Thursday, January 27, 2011

Hope from the SOTU for Obama and the Democrats?

Joe Conason takes the most thoughtful approach I've seen to arguing that President Obama's State of the Union speech was a significantly constructive moment for the President and the Democratic Party. He argues that Obama offered an appealing and popular vision of the American future "that contrasts powerfully with the partisan negativity and apocalyptic pessimism voiced by the Republicans."

In Solid State: Forget the Haters—Obama Delivered New York Observer 01/26/2011, he argues, "The president cannot expect the Republicans to move his agenda forward during the next two years, but he can start to demonstrate why their own agenda is empty and stagnant." And, "Gently but persuasively, the president suggested that the electoral turn toward the Republicans last November was a mistake, and began to explain why."

This is important. Obama has articulated a vision that is, in contrast to that of the opposition Party, hopeful and even inspiring. Conason also points out that it was a dramatic contrast to the gloomy vision articulated in the Republican responses by Congressman Paul Ryan and the loopy babbling of Congresswoman Michele Bachmann. The latter, he said, "repeated the same stale talking points that always issue from her mouth when she isn't inventing fables about our history."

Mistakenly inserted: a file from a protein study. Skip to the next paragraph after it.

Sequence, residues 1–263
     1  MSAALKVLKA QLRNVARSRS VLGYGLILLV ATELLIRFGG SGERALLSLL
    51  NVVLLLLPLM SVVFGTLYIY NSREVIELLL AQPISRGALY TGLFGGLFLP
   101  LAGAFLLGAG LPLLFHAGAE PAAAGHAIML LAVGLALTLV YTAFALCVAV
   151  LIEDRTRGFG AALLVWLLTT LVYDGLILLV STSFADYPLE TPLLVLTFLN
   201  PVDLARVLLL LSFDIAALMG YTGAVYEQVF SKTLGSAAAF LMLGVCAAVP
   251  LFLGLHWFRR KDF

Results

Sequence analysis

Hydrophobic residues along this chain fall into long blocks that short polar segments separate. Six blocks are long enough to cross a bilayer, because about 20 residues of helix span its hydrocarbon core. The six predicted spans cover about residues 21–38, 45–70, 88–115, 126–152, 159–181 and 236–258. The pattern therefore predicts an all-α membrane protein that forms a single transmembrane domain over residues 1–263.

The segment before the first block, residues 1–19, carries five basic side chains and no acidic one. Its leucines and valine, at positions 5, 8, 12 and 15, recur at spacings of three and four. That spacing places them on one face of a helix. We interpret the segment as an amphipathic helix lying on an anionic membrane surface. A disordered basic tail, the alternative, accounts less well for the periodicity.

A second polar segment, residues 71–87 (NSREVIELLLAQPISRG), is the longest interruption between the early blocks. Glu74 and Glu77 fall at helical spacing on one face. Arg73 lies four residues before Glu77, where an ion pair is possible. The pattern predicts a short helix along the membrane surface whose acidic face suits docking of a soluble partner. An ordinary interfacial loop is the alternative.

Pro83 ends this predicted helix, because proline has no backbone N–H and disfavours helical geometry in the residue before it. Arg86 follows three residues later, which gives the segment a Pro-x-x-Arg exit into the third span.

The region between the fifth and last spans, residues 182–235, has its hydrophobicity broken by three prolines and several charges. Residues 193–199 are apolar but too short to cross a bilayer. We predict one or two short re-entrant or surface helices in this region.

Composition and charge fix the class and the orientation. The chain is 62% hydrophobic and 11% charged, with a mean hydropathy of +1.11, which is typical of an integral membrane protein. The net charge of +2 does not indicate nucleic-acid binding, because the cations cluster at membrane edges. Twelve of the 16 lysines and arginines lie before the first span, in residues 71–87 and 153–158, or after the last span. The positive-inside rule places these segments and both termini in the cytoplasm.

Joe's hopeful take on the SOTU is reasonable on its face. Presumably he's also drawing on his intensive research into the thinking, personalities and tactics of the Republican Party over the last 20 years, including "Gingrich Revolution", when the Republicans also had taken a House majority against a Democratic President in the 1994 elections.

But, as he also notes at the end of his hopeful piece, "the true state of the Union is more perilous than Mr. Obama dared to admit." The factual flexibility the US has on its deficits and debt as a result of the dollar's role as the world's reserve currency in a system of (mostly) free-floating currency values gives the federal government a lot of leeway. But the realities of climate change are not going away.

And, in an issue that is more urgently pressing, the US has a high unemployment rate that the Administration is simply not addressing in an effective way. That, more than anything else, gave this speech a weird disconnect with the real state of the American public. It polled exceptionally well in the flash polling just afterward. But that's almost certainly because Obama kept things on a very high rhetorical plane, mostly avoiding saying anything that would quickly anger anyone.

Robert Reich makes the point this way in The President Ignored the Elephant in the Room 01/26/2011:

. . . the President’s failure to address the decoupling of American corporate profits from American jobs, and explain specifically what he’ll do to get jobs back, not only risks making his grand plans for reviving the nation’s “competitiveness” seem somewhat beside the point but also cedes to Republicans the dominant narrative.